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Millett "Starving Student" hybrid amp - Page 43

post #631 of 6853
No - the fet washers - I have the metal one attached to the top of the screw instead of the plastic one. I will be back tonight and will try and mess around with it. I also plan to nix the copper plate to figure out the issue.

Thanks guys!
post #632 of 6853
Before making wholesale changes like the removal of the copper plate you might want to undertake some simple troubleshooting. Otherwise you're fighting a fire by burning down the house first.
post #633 of 6853
I was going to connect all the grounds together because I know that something is getting grounded that shouldn't and it will result in a better sounding amp in the end (with a cleaner ground line). I need to fix other things, granted. We will see if those other things fix it - and then the tweeking will begin. Besides, I have some parts around and wanted to see the results of a bit of tweeking (within all ranges given).

But, I need to get it up and working first. The tubes are not getting power ATM and nothing seems broken. I will be working on this from 7:30 til about 10PM tonight - I will update then!

I do really love building stuff and it gives you the greatest feeling in the end.
post #634 of 6853
Assuming you've rechecked your layout against the schematic I'll say the following - before any of us give any more advice we need some information:

Step 1: Check the wallwart. Report the results of measuring the unloaded voltage. If you blew the wallwart no amount of troubleshooting of the amp is going to make a bit of difference.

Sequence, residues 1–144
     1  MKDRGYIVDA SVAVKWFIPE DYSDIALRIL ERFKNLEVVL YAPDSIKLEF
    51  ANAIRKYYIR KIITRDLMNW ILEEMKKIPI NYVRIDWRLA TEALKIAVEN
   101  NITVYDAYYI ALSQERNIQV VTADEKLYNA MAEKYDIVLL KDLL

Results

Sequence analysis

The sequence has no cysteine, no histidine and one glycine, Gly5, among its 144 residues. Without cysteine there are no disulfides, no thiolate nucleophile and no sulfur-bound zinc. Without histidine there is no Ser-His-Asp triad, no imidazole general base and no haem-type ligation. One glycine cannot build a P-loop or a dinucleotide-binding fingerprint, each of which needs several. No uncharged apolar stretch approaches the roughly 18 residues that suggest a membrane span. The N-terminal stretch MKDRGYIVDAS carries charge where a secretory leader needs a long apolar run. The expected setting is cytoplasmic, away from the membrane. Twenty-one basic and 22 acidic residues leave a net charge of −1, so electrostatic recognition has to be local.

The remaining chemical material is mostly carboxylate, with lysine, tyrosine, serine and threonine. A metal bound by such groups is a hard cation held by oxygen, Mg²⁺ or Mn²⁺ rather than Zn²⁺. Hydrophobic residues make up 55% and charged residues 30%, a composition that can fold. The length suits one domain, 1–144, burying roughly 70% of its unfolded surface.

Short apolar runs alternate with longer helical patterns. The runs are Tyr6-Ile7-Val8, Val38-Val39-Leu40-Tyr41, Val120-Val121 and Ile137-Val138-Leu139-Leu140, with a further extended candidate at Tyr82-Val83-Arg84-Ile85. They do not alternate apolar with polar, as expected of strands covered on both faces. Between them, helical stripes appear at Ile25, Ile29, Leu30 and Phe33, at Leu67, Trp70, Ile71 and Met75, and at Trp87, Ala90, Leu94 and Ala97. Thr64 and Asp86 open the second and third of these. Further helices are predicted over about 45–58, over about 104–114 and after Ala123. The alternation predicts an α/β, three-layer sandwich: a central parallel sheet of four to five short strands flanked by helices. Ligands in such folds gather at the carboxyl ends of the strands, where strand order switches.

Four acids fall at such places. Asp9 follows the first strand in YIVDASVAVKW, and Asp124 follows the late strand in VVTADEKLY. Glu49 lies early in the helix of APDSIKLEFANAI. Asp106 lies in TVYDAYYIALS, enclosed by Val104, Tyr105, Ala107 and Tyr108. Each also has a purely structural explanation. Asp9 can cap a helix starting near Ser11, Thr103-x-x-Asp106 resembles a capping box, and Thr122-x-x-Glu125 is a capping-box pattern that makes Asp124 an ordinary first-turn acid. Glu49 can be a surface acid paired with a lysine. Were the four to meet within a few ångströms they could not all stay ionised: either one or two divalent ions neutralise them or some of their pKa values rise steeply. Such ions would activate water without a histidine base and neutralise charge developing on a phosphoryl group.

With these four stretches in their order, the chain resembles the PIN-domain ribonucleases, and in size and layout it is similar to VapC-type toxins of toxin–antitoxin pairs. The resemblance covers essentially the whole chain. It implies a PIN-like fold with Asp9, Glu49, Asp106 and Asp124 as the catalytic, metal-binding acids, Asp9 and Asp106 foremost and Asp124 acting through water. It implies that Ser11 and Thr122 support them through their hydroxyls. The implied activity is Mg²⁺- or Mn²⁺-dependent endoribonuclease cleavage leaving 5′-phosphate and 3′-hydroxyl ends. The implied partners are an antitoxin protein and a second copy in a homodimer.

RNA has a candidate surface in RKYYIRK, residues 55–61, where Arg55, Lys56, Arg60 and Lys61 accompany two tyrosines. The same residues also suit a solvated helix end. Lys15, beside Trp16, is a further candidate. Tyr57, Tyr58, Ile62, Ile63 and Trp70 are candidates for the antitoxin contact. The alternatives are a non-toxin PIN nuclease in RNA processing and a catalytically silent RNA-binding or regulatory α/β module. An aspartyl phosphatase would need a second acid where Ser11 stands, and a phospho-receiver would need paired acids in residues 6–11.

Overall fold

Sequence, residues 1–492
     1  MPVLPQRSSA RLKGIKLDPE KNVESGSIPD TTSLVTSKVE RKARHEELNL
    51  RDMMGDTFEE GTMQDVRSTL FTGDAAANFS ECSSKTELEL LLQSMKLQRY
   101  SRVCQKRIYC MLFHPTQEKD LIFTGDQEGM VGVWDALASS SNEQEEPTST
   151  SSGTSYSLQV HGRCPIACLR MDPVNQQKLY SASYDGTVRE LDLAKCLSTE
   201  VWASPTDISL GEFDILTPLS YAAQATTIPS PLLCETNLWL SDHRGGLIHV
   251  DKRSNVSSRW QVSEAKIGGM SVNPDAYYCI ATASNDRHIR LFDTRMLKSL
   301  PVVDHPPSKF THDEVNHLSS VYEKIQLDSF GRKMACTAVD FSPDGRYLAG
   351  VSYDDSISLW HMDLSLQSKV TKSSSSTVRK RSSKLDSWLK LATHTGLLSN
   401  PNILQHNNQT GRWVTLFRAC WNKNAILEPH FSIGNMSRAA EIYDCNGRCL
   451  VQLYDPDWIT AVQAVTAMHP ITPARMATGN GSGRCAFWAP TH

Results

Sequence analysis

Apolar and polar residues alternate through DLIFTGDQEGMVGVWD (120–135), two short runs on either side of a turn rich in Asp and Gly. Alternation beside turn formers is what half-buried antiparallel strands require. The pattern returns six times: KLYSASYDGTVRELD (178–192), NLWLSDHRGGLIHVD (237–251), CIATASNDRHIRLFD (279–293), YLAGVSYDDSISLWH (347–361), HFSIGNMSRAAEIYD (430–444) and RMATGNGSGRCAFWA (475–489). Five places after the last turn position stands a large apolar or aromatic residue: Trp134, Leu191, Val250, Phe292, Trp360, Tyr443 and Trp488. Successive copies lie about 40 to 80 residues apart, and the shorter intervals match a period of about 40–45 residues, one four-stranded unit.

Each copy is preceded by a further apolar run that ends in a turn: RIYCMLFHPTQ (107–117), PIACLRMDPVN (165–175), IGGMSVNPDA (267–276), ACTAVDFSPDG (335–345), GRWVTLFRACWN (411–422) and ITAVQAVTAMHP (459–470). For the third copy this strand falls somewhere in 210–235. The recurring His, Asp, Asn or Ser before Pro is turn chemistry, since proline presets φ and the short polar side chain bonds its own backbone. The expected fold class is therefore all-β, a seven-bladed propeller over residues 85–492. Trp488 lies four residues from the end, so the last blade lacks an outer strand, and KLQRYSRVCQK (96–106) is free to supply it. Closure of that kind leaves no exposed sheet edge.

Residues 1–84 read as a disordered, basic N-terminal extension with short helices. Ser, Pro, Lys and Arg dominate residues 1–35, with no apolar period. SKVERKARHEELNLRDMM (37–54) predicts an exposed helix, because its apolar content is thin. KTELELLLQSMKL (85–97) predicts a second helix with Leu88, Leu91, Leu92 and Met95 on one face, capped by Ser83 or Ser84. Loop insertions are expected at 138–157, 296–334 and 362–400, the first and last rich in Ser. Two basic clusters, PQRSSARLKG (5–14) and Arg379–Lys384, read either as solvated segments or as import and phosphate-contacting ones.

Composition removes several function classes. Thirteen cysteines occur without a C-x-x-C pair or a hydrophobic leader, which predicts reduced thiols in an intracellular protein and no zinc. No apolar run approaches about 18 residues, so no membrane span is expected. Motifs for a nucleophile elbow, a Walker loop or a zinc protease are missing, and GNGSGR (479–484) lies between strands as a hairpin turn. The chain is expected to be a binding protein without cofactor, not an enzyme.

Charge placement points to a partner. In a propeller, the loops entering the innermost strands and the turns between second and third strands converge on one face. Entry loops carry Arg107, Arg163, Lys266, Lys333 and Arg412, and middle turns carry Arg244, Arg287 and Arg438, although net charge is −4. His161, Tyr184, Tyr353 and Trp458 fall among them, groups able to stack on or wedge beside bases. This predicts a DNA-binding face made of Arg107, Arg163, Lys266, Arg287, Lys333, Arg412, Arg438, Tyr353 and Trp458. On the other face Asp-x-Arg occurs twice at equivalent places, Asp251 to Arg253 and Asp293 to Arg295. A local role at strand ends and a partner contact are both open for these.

Step 2: Check the power supply jack wiring. Measure and report the voltage at the dc inlet. If power isn't making it inside the chassis clearly that's problem #1 to solve.

Step 3: Report the results of measuring voltage across C1.

Then we can go forward.

However, if you insist on ripping the whole thing apart I'm going to throw my hands up in defeat. There's nothing wrong with the ground plane approach and assuming it's done correctly I'd question whether or not you'll get a "better sounding amp" using a star ground. I can guarantee that Pete's amp sounds better than mine and he used the copper plane.
post #635 of 6853
Quote:
Originally Posted by n_maher View Post
There's nothing wrong with the ground plane approach and assuming it's done correctly I'd question whether or not you'll get a "better sounding amp" using a star ground.
I suggested a star ground because there were wires everywhere. I figured it would make -=Germania=- think about layout a little more, and it would make things easier to look at. But, either method is probably fine in this case.
post #636 of 6853
This may be a silly question. I was wondering if you can use the case itself as a heatsink instead of the 2 black ones that most people are using for this build. I have a 2-3mm thick aluminum top I am going to use for the case and wondered if I could get away with using it directly as the heatsink.
post #637 of 6853
Quote:
Originally Posted by m0b1liz3 View Post
This may be a silly question. I was wondering if you can use the case itself as a heatsink instead of the 2 black ones that most people are using for this build. I have a 2-3mm thick aluminum top I am going to use for the case and wondered if I could get away with using it directly as the heatsink.
That's sort of hard to say with any certainty and at a minimum it would be safe to say that the case would get very hot. I wouldn't do it without some additional heat sinking or heat management.
post #638 of 6853
Quote:
Originally Posted by dsavitsk View Post
I suggested a star ground because there were wires everywhere. I figured it would make -=Germania=- think about layout a little more, and it would make things easier to look at. But, either method is probably fine in this case.